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12 Answers

Bleaching mold on sheathing?

I'm building our house in Wisconsin, where we had a very wet June with 10 inches of rain while framing. The interior side of our 1/2" plywood sheathing has dried but has developed spots of mold. I'm considering misting it with a bleach mixture and letting dry well before insulating, rocking etc. The finished wall system will dry to the exterior, with 3" of Roxul Comfortboard IS on the exterior and Roxul comfort batts in stud cavities.

Any opinions on whether this is necessary? If yes, how strong should my bleach solution be?

Asked By Edward Krause | Oct 4 14
33 Answers

Why is there condensation on the return ducts and mold in the attic as well 60% humidity throughout the home?

This home has since been remodeled, including all new metal duct work and insulation. The issue that we need to resolve is the high humidity in the house at about 60-65% even though the unit is running efficiently. There is quite a bit of condensation on the return ducts in the attic as well. We have had two reputable Heating and Cooling Contractors come to assess the situation to no avail. The owner attempted to contact the original Mechanical contractor, but has not been able to speak to anyone yet.

Asked By Jimmy Miller | Sep 1 15
10 Answers

Exterior siding layers?

Hello all, I have a quick siding question.

When we spray foamed my shop with close cell spray foam we sprayed against the tyvek(housewrap). It was only one layer. It seemed like the best option we had at the time as I knew I would down the road drop the T-111 osb finished siding and replace it with plywood siding and housewrap and then a cement overlay (making faux stone work out of the cement)

Asked By Max Anthony | Sep 27 15
12 Answers

Thermal Break In Stud Walls


Just found this site 2 months into a renovation of one part of our 45 year old home. We have taken the main floor of the house back to stud/rafters and are now at the insulation stage. The original plan was Roxul with a vapour barrier in the walls with blown in ceiling, but we decided to go with 2lb closed cell foam in the walls to try and close the gaps and make the space more airtight and comfortable.

Asked By Richard Heatley | Sep 30 15
1 Answer

insulation type, etc.

hi all,

i have a semi-detached brick 2-family home in brooklyn. 20' x 65'. tenants are on the top floor and we occupy the first 2 floors. our ground floor is about 3 feet in ground on 3 sides and at grade in the rear. we are renovating and intend to put 2 full bathrooms and 3 bedrooms there, in addition to the laundry and utility room. we recently install a navian ncb240 which currently serves our dhw and baseboard radiators for both floors (tenants have separate boiler).

Asked By josh millis | Oct 1 15
1 Answer

polyiso along ceiling under truss chords

New build in climate zone 5. My plan is to establish my air barrier on the outside with zip sheathing and liquid flashing, and want to continue the air barrier across my ceiling (below a vented attic with blown cellulose). I thought about continuing the zip panels across the ceiling attached under the truss chords and tape them from the inside. I want to have options for drywall and tongue and groove wood for different rooms. I also thought about running polyiso boards in the same manner, maybe in two layers with staggered and taped seams. Any thoughts on this option?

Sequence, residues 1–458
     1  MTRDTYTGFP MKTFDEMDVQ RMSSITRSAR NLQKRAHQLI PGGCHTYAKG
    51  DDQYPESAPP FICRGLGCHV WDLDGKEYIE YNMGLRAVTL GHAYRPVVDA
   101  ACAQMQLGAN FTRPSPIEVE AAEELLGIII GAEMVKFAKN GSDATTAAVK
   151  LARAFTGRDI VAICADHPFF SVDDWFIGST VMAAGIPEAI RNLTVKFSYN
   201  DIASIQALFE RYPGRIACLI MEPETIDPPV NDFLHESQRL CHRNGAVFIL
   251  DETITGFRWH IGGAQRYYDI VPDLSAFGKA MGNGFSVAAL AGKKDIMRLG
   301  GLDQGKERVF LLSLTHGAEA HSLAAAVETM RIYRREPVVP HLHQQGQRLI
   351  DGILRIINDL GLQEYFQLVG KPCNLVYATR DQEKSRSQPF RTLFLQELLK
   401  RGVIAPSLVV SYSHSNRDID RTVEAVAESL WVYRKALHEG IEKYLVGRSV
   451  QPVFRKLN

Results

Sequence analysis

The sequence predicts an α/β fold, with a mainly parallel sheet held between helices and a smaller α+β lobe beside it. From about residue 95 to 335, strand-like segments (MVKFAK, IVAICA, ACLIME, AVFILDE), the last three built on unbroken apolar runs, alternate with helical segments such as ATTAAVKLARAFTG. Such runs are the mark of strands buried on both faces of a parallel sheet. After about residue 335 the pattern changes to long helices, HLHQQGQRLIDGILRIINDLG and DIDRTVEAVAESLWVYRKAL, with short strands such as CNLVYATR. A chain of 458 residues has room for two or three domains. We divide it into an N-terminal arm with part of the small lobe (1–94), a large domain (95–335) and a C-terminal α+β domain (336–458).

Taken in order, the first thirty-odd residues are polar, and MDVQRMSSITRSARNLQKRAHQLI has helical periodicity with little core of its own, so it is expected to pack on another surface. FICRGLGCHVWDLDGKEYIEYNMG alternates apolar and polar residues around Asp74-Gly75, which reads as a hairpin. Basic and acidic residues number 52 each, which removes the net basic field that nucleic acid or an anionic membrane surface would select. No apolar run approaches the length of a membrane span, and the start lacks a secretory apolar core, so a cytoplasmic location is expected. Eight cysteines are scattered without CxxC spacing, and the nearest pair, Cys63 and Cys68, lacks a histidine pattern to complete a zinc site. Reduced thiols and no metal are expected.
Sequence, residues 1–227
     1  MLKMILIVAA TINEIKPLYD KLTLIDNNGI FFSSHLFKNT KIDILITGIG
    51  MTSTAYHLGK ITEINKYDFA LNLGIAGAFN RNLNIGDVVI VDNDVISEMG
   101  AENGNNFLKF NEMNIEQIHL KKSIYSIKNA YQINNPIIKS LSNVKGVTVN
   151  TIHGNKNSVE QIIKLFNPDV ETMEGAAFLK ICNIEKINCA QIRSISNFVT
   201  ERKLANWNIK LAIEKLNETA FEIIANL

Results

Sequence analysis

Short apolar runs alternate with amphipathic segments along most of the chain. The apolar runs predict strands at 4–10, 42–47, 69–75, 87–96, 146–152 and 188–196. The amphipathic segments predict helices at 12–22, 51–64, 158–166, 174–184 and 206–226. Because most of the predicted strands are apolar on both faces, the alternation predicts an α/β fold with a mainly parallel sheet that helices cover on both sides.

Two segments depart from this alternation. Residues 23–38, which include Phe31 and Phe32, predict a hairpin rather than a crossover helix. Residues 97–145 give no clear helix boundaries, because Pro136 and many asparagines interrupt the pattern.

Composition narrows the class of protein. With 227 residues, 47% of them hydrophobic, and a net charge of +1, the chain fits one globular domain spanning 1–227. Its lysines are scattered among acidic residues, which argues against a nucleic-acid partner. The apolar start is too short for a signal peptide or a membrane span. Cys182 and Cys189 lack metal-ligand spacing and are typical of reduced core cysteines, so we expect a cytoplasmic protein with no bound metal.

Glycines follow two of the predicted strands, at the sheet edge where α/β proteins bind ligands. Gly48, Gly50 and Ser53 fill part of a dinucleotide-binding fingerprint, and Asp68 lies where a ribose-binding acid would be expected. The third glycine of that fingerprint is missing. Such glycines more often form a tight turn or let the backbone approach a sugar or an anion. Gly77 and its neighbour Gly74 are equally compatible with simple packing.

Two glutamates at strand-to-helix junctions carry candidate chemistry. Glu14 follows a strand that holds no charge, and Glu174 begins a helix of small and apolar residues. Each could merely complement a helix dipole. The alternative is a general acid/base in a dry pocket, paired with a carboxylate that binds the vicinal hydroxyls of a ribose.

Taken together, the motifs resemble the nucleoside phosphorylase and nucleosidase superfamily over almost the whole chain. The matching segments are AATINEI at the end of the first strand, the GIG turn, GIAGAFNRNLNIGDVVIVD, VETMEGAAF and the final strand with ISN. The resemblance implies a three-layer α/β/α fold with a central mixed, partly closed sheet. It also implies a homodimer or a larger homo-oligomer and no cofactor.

Asked By Brian W | Oct 1 15
3 Answers

crawlspace foundation with wing insulation as well as vertical exterior insulation?

Hi. In northern New York state, climate zone 6. Preparing to build a 20 x 30 second home for a client that will be insulated but not heated for the foreseeable future. Some day it might be used year round.

Crawlspace foundation with footings to frost depth. We are planning to insulate the stem walls on the exterior with 2" XPS. A slab is planned at level of footing. We are contemplating skipping the sub-slab insulation of 2" XPS and adding wing horizontal wing insulation instead--in addition to the vertical stem wall insulation.

Asked By Jon Brown | Oct 1 15
1 Answer

Sub-slab condensate drain

This article mentions running a condensate drain for a mini-split to a leaching system under the slab, or tying it to the radon pipes. Is this a common/recommended technique? If tying to a DWV system risks leaking sewer gas through a dry trap, doesn't this system have the same risk for radon?


Asked By John Ranson | Sep 30 15
2 Answers

Insulating a pole barn

Hi. I am interested in building a small (20'x20') eco friendly pole building as a "tiny house". I like the idea of a pole building because it avoids the use of concrete for the foundation. I plan on using perlite bags beneath an earthen floor as the "sub-slab" insulation. For the walls and ceilings, I would like to use cellulose. I have not been able to find any details online for appropriately insulating and air sealing pole buildings. What resources I have found generally ignore thermal bridging entirely, for instance.

I would like to achieve R-40 walls and an R-60 roof.

Asked By Steven Gubkin | Sep 30 15
0 Answers

If you install a Dedicated Recirculation Line, can you have it run on demand? Or does it have to run continuously?


I'm trying to figure out the benefits/drawbacks of installing a Dedicated Recirculation Line versus an Demand- Initiated Recirculating System. I've already read Martin Holladay's great article in Fine Home Building.

Clearly, the demand-initiated systems are better suited for retrofits since they use the existing cold water line (at least the D'mand one I'm familiar with). And the Dedicated Recirculation Line is better for new construction due to the cost of installing additional plumbing back to the water heater.

Asked By Whitney Larsen | Sep 30 15
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